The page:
The rack-mounted meter 100 may integrate both power revenue metering and power quality class metering within an external form factor that may be rack-mounted in a bay. For example, the rack-mounted meter 100 may provide power quality analysis that meets Class A requirements of the IEC 61000-4-30 metering standard. The rack-mounted meter 100 may also be a revenue device that meets the requirements of IEC 62053-22. Accordingly, the rack-mounted meter 100 may provide power quality detection, monitoring, reporting, recording, analysis and communication along with revenue accuracy measurement and reporting. The rack-mounted meter 100 may integrate the features of power quality monitoring and revenue metering in a single power meter having a meter housing meeting the form factor requirements for installation and mounting in a bay of an equipment rack assembly. Examples of a power quality meter integrated with a revenue meter are described in U.S. Pat. No. 6,615,147, for a REVENUE METER WITH POWER QUALITY FEATURES, issued on Sep. 2, 2003, and U.S. Pat. No. 6,792,364, for a REVENUE METER WITH POWER QUALITY FEATURES, issued on Sep. 14, 2004, both of which are incorporated by reference in their entirety herein.
  • [0047]
    In one example, the rack-mounted meter 100 is configured to meet the IEC 61053-22 standard that also provides power quality analysis to the IEC 61000-4-30 standard class A. The meter 100 may be configured to meter single-phase or multi-phase power systems and loads, or combinations thereof. The meter 100 may be coupled with one or more conductors. The conductors may be power cables, high tension lines, bus duct, bus bar, substation terminals, generator terminals, circuit breaker terminals, and/or any other mechanism, device, or materials capable of conducting current and voltage. The conductor may be part of a two-wire, three-wire, and/or four-wire power system. The meter 100 may provide measurement of voltage and current to determine active, reactive, and/or apparent energy over a range of frequencies, or combinations thereof. In addition, the meter 100 may provide power quality measurement and processing of power parameters such as voltage and current harmonics, voltage and current inter-harmonics, voltage and current anomalies, such as sag/swell(s) or transient(s), and/or any other power quality related data and analysis.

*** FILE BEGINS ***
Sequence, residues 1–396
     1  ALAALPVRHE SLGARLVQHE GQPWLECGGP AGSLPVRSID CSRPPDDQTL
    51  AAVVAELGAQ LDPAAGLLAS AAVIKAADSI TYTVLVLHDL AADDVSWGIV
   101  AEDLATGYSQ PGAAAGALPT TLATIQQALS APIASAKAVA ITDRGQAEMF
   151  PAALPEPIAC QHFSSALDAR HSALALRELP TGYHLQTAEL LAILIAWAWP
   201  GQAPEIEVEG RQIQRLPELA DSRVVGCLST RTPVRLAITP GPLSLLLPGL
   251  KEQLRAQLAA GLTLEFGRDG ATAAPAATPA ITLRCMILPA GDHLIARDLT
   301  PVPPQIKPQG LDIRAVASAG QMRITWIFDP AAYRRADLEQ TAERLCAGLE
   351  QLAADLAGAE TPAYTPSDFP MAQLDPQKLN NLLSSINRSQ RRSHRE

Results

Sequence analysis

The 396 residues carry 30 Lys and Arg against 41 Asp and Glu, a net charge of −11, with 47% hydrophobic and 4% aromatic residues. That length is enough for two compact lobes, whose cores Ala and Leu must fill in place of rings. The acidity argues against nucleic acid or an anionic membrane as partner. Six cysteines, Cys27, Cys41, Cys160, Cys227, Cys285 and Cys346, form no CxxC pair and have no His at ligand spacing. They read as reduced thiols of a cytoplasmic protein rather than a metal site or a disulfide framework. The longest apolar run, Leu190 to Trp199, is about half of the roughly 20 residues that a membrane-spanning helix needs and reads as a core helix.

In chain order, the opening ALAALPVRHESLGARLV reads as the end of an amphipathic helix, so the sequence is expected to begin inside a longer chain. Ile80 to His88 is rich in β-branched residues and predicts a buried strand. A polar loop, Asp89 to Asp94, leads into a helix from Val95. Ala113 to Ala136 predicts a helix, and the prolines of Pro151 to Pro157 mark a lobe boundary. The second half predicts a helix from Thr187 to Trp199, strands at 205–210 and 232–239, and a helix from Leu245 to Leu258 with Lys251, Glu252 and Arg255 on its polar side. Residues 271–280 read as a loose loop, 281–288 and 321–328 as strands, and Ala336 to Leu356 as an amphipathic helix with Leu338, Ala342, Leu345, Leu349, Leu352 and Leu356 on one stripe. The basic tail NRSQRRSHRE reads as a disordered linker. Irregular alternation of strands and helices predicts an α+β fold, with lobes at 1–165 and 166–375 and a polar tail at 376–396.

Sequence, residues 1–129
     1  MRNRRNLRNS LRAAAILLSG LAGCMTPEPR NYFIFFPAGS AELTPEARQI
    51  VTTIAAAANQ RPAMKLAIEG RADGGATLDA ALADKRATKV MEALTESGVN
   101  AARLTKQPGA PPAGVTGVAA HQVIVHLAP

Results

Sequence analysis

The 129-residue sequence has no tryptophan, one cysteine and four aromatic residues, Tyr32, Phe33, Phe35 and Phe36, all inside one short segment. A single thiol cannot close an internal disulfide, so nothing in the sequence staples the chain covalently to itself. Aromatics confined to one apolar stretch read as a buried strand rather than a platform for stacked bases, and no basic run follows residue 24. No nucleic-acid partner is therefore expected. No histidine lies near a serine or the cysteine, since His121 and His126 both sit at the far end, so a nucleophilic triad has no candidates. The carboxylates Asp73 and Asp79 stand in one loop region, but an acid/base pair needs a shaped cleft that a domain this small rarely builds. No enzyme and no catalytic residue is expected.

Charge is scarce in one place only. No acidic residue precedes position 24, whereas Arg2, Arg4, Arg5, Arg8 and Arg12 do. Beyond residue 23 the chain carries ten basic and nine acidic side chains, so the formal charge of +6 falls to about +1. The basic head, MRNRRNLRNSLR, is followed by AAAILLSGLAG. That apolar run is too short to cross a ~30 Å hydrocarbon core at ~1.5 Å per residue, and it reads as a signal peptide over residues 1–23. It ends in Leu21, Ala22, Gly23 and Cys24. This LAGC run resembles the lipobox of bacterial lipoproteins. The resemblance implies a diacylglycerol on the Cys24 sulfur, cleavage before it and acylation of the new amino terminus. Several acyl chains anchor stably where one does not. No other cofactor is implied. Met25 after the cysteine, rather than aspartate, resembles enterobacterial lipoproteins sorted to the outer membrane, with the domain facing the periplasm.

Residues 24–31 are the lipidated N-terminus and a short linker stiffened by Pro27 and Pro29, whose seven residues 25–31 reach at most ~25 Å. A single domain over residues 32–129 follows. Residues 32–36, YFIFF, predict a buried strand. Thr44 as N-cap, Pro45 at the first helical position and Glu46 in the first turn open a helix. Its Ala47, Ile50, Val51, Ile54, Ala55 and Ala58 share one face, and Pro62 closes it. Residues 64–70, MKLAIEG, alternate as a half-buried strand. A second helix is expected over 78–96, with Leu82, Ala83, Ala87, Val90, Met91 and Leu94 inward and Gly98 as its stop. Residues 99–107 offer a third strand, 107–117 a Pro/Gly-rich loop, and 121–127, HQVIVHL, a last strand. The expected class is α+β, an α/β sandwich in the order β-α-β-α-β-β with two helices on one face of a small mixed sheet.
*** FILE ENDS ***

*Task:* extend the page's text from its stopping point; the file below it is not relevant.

• [0048]
    The rack mounted meter 100 includes a meter housing 102. The meter housing 102 may have an external form factor, or frame structure, that is dimensioned to allow rack-mounting of the meter 100 in a bay of an equipment rack. Thus, an outer envelope of the meter housing 102 may be formed to fit within at least one bay of an equipment rack. The meter housing 102 may include at least six sides, and may be generally characterized by width, height, and length dimensions. The meter housing 102 provides mechanical protection for metering circuitry included in the meter housing 102. The meter housing 102 may be configured as an IP51 enclosure as set forth by IEC 529, providing protection to the metering circuitry against inadvertent intrusion of tools and/or wires over 1 mm in diameter. The meter housing 102 also may provide protection against vertically falling drops of water, condensation and other moisture. The meter housing 102 may be designed to minimize holes, cutouts, spot welded tabs, folded seams, and connector openings, and may have a rust inhibiting coating such as a powder coat finish, paint or other protective coating. The meter housing 102 may provide mechanical protection, fire protection, electromagnetic protection against radio-frequency interference, and electrical shock protection.
  • [0049]
    The meter housing 102 may include a two-tiered surface 108 that includes a first portion 108 a and a second portion 108 b. In FIGS. 1-3, the first portion 108 a is a front portion and the second portion 108 b is a rear portion of the meter housing 102. The first portion 108 a may be substantially planar across the width of the two-tiered surface 108, and extend a predetermined depth of the meter housing 102 from a front panel 104 of the rack-mounted meter 100 towards a mid portion 110 of the two-tiered surface 108. The second portion 108 b, or slot, may be substantially planar across the width of the meter housing 102 and extend from the mid portion 110 to an end of the meter housing 102, such as a rear 112 of the meter housing 102. The second portion 108 b may be recessed from the first portion 108 a to form a slot.
  • [0050]
    The meter housing 102 may also include an electrical connector panel 106. The electrical connector panel 106 may include a first connector panel 106 a and a second connector panel 106 b. The first connector panel 106 a may be a step or shoulder formed as a portion of the meter housing 102 that connects the first portion 108 a of the two-tiered surface 108 to the second portion 108 b. The first connector panel 106 a may be substantially planar across the width of the meter housing 102, and may be positioned approximately orthogonal to both the first portion 108 a and the second portion 108 b of the two-tiered surface 108.
  • [0051]